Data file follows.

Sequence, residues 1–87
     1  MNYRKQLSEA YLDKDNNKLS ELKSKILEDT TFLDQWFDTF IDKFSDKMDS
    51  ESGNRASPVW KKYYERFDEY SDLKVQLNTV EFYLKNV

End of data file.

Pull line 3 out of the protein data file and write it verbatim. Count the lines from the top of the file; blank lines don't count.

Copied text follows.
    51  ESGNRASPVW KKYYERFDEY SDLKVQLNTV EFYLKNV